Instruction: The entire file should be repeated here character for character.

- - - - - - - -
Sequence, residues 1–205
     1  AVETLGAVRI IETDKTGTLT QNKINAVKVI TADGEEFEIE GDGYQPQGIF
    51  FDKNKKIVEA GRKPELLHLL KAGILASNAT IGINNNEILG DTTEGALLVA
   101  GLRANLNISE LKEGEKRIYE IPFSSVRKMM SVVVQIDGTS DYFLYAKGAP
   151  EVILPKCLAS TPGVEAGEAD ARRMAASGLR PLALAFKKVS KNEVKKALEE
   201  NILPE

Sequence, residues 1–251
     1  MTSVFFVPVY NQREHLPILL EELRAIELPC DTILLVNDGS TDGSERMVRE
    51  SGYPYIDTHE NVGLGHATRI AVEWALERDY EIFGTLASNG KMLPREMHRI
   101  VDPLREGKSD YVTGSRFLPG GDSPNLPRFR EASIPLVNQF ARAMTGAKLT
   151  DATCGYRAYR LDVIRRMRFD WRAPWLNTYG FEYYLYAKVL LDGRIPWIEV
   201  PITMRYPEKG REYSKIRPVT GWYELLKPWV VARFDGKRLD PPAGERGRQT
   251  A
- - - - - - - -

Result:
Sequence, residues 1–205
     1  AVETLGAVRI IETDKTGTLT QNKINAVKVI TADGEEFEIE GDGYQPQGIF
    51  FDKNKKIVEA GRKPELLHLL KAGILASNAT IGINNNEILG DTTEGALLVA
   101  GLRANLNISE LKEGEKRIYE IPFSSVRKMM SVVVQIDGTS DYFLYAKGAP
   151  EVILPKCLAS TPGVEAGEAD ARRMAASGLR PLALAFKKVS KNEVKKALEE
   201  NILPE

Sequence, residues 1–251
     1  MTSVFFVPVY NQREHLPILL EELRAIELPC DTILLVNDGS TDGSERMVRE
    51  SGYPYIDTHE NVGLGHATRI AVEWALERDY EIFGTLASNG KMLPREMHRI
   101  VDPLREGKSD YVTGSRFLPG GDSPNLPRFR EASIPLVNQF ARAMTGAKLT
   151  DATCGYRAYR LDVIRRMRFD WRAPWLNTYG FEYYLYAKVL LDGRIPWIEV
   201  PITMRYPEKG REYSKIRPVT GWYELLKPWV VARFDGKRLD PPAGERGRQT
   251  A